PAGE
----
Richmond Hill show a `Cinderella' story for Halsall

Moline Dispatch ­ August 21, 2008 ­ by Claudia Loucks Richmond Hill Players' August offering is a "Cinderella" story for cast member Lorrie Halsall of Galva. Ms. Halsall is cast as Frankie in the southern-fried comedy, "Dearly Beloved," running through Sunday in The Barn Theater, atop Richmond Hill Park in Geneseo. After her initial audition for the play, she was called back by director John VanDeWoestyne for a singing audition. "I went to Geneseo and auditioned with the others who also had been called back, and then I hurried back to Galva so I could attend a rehearsal for the Galva High School musical," she said. She was playing first violin in the pit orchestra, along with her son, Ethan Halsall on percussion and her fiance, Larry Lord, on trombone.

Photo: SUBMITTED For Lorrie Halsall of Galva, getting notification of her role in "Bearly Beloved' could not have come at a better time.

"John (VanDeWoestyne) said he would be calling me that evening to let me know if I would be cast, and in what part, so I had my cell phone on my music stand and got the call that I had gotten the part as `Frankie,' to the sounds of Rodgers & Hammerstein's `Cinderella.' What a memory that is!"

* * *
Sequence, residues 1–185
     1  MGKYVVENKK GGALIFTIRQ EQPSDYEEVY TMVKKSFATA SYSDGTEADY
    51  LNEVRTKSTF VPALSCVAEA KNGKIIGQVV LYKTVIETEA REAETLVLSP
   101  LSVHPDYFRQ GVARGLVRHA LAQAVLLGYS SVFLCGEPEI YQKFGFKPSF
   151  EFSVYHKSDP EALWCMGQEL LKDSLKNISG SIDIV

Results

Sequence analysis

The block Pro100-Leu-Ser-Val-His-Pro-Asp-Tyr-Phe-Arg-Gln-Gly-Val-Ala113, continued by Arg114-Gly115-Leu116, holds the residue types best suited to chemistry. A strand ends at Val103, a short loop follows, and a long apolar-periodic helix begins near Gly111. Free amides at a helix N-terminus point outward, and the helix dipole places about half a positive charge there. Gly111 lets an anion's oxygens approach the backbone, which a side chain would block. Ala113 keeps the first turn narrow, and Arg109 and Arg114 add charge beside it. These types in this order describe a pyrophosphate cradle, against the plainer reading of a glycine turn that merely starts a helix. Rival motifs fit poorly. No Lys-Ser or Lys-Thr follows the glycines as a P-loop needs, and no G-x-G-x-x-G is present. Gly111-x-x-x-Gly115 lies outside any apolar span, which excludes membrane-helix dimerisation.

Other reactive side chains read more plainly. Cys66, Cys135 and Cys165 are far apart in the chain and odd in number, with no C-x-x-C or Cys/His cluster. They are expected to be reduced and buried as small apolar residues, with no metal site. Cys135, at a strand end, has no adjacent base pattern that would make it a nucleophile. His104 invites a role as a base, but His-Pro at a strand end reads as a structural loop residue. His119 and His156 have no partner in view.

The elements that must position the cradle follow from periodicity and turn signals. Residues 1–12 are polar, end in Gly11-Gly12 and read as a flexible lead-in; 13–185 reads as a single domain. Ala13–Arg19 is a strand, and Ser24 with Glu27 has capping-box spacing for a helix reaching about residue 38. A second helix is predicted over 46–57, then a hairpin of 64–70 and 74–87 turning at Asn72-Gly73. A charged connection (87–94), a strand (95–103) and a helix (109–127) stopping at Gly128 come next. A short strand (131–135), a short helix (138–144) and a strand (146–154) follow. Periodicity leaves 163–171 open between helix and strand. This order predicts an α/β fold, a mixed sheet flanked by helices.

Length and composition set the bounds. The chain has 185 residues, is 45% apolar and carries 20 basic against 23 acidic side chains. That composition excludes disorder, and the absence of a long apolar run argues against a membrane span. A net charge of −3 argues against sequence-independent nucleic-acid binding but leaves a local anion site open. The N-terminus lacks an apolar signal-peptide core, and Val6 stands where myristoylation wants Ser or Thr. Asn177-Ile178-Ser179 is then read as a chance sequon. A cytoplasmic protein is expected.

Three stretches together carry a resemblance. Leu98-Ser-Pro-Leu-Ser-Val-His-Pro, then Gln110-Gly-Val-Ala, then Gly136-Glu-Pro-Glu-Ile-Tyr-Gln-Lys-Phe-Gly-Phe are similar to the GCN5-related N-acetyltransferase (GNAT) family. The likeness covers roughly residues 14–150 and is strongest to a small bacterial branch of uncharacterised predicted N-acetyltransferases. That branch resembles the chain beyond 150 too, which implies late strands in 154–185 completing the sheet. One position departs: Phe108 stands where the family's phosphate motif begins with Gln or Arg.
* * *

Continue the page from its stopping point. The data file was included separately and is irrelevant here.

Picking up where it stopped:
It was because she "loved" the script that Ms. Halsall chose to audition for the Richmond Hill comedy, "and because I had worked with the play's director, (John VanDeWoestyne) as a fellow actor in several plays," she said, adding that she wanted to be in a play under his direction. The script of "Dearly Beloved" calls for a trio of actors who are able to sing a cappella three-part close harmony. "I was hoping that my experience of singing in my church choir at Messiah Lutheran in Galva, and solos, duets and even a three-part a cappella trio there, would come in handy," she said. "The play has a cast of colorful characters and family members," she said. "It has both some very funny moments and some bittersweet ones. I think `Dearly Beloved' is a play that has characters and situations with which everyone can identify." A graduate of Wethersfield High School in Kewanee, Ms. Halsall attended Black Hawk East College in Kewanee, where she is employed at Peoples National Bank, as the fed line operations administrator, secretary for the board of directors and as shareholder accounting administrator for the bank's holding company. Her involvement in theater began with Black Hawk East Community Players, and she has been cast in six productions with the group. She said her favorite part was Rosemary in "Picnic," under the direction of the late Clyde Walter of Geneseo. Her first experience on stage with the Richmond Hill Players was as Agnes in "Dancing at Lughnasa" in 2001. "That year I just decided to take a chance and audition for the season at Richmond Hill," she said. "I did not know what plays were being put on there or anything, but I wanted a new challenge." Since that time, she has been in the Geneseo group's productions of "Rumors" in 2002, "Shadowlands" and "Moon Over Buffalo" in 2003 and "California Suite" in 2007. "Community theater is such a rewarding experience in that actors, the director, and crew all are working together to bring the script to life. Especially in theater-in-the-round like we have at The Barn at Richmond Hill, where the audience can feel like they are looking in on a `slice of life.'"